Several studies have shown that portrayals of women enjoying rape and other kinds of sexual violence can lead to increased acceptance of rape myths in both males and females.

One group of college students were shown a pornographic depiction in which a woman was portrayed as sexually aroused by sexual violence, and a second group was exposed to control materials.

Subsequently, all subjects were shown a second rape portrayal.

The students who had been exposed to the pornographic depiction of rape were significantly more likely than the students in the control group:

(1) to perceive the second rape victim as suffering less trauma; (2) to believe that she actually enjoyed it; and (3) to believe that women in general enjoy rape and forced sexual acts.

Neil Malamuth and James Check. “The effects of aggressive pornography on beliefs in rape myths: Individual differences.” Journal of Research in Personality, 19 (1985), pp. 299-320.

University of Minnesota, Research on Pornography

(via exgynocraticgrrl)

WHOA CHECK OUT THIS LINK, TONS OF STUDIES REFERENCED, INCLUDING SEVERAL MASSIVE METASTUDIES.

(via spockdoesntconcur)

(via justblameitonmyotp)

barbidreamdumpster:

if you want to ask a bisexual or asexual person about their sexual history to verify that they’re queer, but you don’t want them to take it the wrong way, try this useful communication technique:

give them twenty dollars and go away.

(via skoomapipe)

a-little-bi-furious:

amoammo:

freelgbtqpia:


This pioneering collection of previously unpublished articles on lesbian, gay, bisexual, and transgender language combines queer theory and feminist theory with the latest thinking on language and gender. The book expands the field well beyond the study of “gay slang” to consider gay dialects (such as Polari in England), early modern discourse on gay practices, and late twentieth-century descriptions of homosexuality. These essays examine the conversational patterns of queer speakers in a wide variety of settings, from women’s friendship groups to university rap groups and electronic mail postings.Taking a global—rather than regional—approach, the contributors herein study the language usage of sexually liminal communities in a variety of linguistic and cultural contexts, such as lesbian speakers of American Sign Language, Japanese gay male couples, Hindi-speaking hijras (eunuchs) in North India, Hausa-speaking 'yan daudu (feminine men) in Nigeria, and French and Yiddish gay groups. The most accessible and diverse collection of its kind, Queerly Phrased: Language, Gender, and Sexuality sets a new standard in the study of language’s impact on the construction of sexuality.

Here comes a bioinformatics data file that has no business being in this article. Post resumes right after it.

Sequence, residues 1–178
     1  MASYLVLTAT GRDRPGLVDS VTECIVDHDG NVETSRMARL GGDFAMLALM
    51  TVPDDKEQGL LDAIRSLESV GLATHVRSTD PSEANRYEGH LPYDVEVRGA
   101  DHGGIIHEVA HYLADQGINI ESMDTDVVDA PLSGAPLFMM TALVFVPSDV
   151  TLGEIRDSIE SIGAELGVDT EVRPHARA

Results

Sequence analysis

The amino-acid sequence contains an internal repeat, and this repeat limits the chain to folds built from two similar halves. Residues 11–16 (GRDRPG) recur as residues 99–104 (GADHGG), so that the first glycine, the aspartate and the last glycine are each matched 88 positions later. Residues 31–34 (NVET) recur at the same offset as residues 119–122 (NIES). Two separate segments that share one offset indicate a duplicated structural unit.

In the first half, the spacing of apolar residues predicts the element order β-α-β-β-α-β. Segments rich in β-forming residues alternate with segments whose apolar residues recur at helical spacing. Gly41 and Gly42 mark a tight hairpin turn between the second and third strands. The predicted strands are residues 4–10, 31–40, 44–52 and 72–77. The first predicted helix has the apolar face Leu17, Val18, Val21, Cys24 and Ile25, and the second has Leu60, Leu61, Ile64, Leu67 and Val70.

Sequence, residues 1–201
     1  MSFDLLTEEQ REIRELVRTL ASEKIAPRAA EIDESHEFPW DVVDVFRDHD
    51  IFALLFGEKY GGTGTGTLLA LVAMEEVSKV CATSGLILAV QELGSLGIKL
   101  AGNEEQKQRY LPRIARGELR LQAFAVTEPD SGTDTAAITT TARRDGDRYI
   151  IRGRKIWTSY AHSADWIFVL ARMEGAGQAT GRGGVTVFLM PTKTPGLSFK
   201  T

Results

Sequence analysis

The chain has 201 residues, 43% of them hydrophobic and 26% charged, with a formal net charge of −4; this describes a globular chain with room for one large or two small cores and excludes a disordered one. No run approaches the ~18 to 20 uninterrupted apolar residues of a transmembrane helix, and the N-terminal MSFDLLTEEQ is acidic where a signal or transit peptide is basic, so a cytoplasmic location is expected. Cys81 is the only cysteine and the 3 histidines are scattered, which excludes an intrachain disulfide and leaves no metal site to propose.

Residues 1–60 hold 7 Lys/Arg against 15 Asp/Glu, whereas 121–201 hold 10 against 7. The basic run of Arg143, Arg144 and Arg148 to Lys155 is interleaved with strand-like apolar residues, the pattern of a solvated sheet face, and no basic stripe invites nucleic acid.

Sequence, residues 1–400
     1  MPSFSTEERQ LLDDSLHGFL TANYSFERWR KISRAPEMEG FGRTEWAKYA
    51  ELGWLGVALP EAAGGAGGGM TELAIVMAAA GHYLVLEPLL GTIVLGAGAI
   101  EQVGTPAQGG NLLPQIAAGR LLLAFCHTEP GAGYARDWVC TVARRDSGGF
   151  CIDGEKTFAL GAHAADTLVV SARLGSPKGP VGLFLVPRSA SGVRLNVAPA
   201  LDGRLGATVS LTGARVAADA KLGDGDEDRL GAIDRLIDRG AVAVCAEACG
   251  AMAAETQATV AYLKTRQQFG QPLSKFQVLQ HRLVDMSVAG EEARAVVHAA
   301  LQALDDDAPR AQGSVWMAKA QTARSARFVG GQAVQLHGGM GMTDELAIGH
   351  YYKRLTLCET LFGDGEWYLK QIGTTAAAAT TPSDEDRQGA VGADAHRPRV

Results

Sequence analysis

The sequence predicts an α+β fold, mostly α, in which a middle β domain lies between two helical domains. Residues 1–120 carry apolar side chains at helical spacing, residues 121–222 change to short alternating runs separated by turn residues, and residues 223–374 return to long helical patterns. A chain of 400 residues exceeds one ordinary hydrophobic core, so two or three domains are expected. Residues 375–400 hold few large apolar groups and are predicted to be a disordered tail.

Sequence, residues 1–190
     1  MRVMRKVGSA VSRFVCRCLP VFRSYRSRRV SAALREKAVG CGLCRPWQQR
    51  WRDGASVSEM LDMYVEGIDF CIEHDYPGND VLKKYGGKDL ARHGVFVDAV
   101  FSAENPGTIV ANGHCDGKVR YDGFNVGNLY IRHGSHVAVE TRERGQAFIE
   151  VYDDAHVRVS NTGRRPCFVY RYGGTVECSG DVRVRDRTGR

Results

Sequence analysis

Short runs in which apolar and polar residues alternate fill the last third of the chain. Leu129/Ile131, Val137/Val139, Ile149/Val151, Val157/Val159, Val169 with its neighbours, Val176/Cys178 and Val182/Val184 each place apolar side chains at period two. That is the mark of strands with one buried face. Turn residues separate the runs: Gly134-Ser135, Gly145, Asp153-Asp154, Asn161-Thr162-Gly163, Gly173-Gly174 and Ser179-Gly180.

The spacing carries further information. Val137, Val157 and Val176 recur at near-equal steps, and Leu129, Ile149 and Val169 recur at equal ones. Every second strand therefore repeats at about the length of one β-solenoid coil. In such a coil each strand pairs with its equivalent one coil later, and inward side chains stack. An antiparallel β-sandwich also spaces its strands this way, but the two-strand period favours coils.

[PDF]

One of my tutors wrote the bi chapter in this!

Reblogging for wild coincidence and to boost the fact this has a bi chapter.

a-little-bi-furious:

amoammo:

freelgbtqpia:

This pioneering collection of previously unpublished articles on lesbian, gay, bisexual, and transgender language combines queer theory and feminist theory with the latest thinking on language and gender. The book expands the field well beyond the study of “gay slang” to consider gay dialects (such as Polari in England), early modern discourse on gay practices, and late twentieth-century descriptions of homosexuality. These essays examine the conversational patterns of queer speakers in a wide variety of settings, from women’s friendship groups to university rap groups and electronic mail postings.

Taking a global—rather than regional—approach, the contributors herein study the language usage of sexually liminal communities in a variety of linguistic and cultural contexts, such as lesbian speakers of American Sign Language, Japanese gay male couples, Hindi-speaking hijras (eunuchs) in North India, Hausa-speaking 'yan daudu (feminine men) in Nigeria, and French and Yiddish gay groups. The most accessible and diverse collection of its kind, Queerly Phrased: Language, Gender, and Sexuality sets a new standard in the study of language’s impact on the construction of sexuality.

[PDF]

One of my tutors wrote the bi chapter in this!

Reblogging for wild coincidence and to boost the fact this has a bi chapter.

(via stealing-brits-and-timelords)

senor-cactuar:

the avengers?

how about the international justice league of super acquaintances

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(via dutchster)

original-plastic:

Homosexuality is unnatural! It says so in this book where snakes talk, people come back from the dead, a guy walks on water, and a virgin has a baby.

(via recreationalcannibalism)

dakotakd:

youthisastateofmind:

Celebrate Queer Community Not Gay Capitalism

how i feel every pride season…

dakotakd:

youthisastateofmind:

Celebrate Queer Community Not Gay Capitalism

how i feel every pride season…

(via lipstick-feminists)

organic-vibesx:

WOW DO YOU EVER REALIZE HOW BAD OF A FRIEND SOMEONE IS LIKE WOAH YOU’RE A HORRIBLE FUCKING PERSON 

(via recreationalcannibalism)

bananagirlworld16:

okay but why don’t more people talk about Night at the Museum like

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poc characters and people being portrayed by poc people

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this movie is so good

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and it has one of the funniest, best, most ridiculous friendships in movie history

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and you have Robin Williams as Teddy Roosevelt I mean

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and if all that didn’t convince you there’s also a t-Rex skeleton that plays fetch with one of its own ribs

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THIS MOVIE

(via recreationalcannibalism)